Following Douglas Grose at GlobalFoundries' Computex press conference was ATIC CEO Ibrahim Ajami. Grose expressed a great deal of gratitude for the company's largest investor - which is putting $3bn this year into the company's capacity expansion projects - and having hinted at the company's long term plans, allowed Ajami to detail ATIC's vision for a semiconductor industry in the Middle East
Ajami began by asserting Abu Dhabi's position as a rich country with immense resources beneath its land - the kind of resources you need to invest in capital-heavy businesses such as semiconductor foundries. He explained the Abu Dhabi Economic Vision 2030 - a 20 year plan to diversify the region's economy. High tech industry features highly in the plans for Abu Dhabi, with Ajami seeing Global Foundries as pivotal in bringing the semiconductor industry to it.
Such a venture is expensive and requires long-term development, but Ajami sees the industry as "a good fit for Abu Dhabi". The industry will not appear tomorrow, Ajami said, but present plans for investment in Abu Dhabi over 5 years will create an ecosystem for successful creation of a new GlobalFoundries installation.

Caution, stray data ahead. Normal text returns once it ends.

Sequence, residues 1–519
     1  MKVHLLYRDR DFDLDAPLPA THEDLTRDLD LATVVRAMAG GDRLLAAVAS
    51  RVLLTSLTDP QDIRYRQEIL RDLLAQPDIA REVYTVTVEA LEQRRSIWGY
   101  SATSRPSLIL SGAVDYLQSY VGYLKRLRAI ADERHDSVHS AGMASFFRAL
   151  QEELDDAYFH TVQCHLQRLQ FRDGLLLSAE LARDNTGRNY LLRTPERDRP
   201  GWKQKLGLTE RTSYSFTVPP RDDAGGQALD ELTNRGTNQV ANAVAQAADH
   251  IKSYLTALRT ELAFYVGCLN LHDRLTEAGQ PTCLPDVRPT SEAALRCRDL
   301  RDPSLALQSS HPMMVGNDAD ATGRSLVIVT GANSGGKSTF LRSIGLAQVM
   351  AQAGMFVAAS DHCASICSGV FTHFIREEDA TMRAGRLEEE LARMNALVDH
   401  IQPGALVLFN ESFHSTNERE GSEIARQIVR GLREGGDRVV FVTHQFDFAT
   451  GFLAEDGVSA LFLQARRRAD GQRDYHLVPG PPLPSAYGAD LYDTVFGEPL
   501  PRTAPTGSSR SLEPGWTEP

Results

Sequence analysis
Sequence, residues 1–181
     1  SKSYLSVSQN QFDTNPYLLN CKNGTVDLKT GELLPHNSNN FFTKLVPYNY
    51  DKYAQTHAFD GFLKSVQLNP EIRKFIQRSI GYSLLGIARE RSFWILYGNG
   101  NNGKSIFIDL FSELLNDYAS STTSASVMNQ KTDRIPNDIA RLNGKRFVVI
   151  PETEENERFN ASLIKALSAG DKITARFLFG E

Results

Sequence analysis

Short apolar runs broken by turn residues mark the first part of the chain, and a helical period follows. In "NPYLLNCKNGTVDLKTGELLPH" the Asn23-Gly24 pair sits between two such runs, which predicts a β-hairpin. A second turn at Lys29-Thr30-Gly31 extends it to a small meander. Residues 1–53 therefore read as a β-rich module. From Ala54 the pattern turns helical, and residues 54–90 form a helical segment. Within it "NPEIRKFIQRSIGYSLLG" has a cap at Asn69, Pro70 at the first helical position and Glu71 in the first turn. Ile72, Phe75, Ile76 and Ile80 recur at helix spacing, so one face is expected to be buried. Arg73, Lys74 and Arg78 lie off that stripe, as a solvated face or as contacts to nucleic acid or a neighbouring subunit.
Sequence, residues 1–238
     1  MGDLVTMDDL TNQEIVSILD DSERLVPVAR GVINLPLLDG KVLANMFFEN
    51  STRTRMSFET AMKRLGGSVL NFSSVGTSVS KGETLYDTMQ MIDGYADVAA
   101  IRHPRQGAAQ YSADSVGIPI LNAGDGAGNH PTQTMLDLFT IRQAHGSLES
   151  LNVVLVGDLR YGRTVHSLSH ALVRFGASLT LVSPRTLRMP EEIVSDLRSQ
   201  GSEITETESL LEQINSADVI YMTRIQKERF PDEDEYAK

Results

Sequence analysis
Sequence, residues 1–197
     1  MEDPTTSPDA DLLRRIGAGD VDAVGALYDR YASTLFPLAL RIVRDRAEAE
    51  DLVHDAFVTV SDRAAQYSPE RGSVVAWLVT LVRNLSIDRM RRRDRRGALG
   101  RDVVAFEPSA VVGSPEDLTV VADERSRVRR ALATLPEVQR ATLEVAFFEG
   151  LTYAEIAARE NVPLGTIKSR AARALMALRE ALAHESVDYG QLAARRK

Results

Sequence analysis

Indeed, the canvas is essentially blank at present, with no existing infrastructure or people - no ecosystem to speak of as of yet. There will be emphasis on "investing in future talent", with new degrees and clean-room training for skilled manufacturing. 3sq km of land next to Abu Dhabi International Airport has been earmarked for GlobalFoundries' eventual semiconductor cluster.
ATIC will be seeking to attract further investment and partners, but details of exactly what will happen are scarce. The money is there, and the long-term goals, but at present all we really know is that Ajami sees GlobalFoundries at the centre of Abu Dhabi's new semiconductor cluster.